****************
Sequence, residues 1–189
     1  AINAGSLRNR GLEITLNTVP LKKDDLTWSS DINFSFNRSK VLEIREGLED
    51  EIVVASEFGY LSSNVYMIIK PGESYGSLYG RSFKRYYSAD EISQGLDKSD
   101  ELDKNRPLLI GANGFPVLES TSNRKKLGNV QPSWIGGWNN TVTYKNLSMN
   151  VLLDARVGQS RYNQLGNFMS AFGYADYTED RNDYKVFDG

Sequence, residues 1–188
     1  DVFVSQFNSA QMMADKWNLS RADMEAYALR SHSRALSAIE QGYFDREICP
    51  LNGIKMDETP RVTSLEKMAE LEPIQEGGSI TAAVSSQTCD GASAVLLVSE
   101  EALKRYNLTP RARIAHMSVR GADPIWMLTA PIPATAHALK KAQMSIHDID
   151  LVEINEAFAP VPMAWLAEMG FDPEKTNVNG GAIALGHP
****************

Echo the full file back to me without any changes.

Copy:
Sequence, residues 1–189
     1  AINAGSLRNR GLEITLNTVP LKKDDLTWSS DINFSFNRSK VLEIREGLED
    51  EIVVASEFGY LSSNVYMIIK PGESYGSLYG RSFKRYYSAD EISQGLDKSD
   101  ELDKNRPLLI GANGFPVLES TSNRKKLGNV QPSWIGGWNN TVTYKNLSMN
   151  VLLDARVGQS RYNQLGNFMS AFGYADYTED RNDYKVFDG

Sequence, residues 1–188
     1  DVFVSQFNSA QMMADKWNLS RADMEAYALR SHSRALSAIE QGYFDREICP
    51  LNGIKMDETP RVTSLEKMAE LEPIQEGGSI TAAVSSQTCD GASAVLLVSE
   101  EALKRYNLTP RARIAHMSVR GADPIWMLTA PIPATAHALK KAQMSIHDID
   151  LVEINEAFAP VPMAWLAEMG FDPEKTNVNG GAIALGHP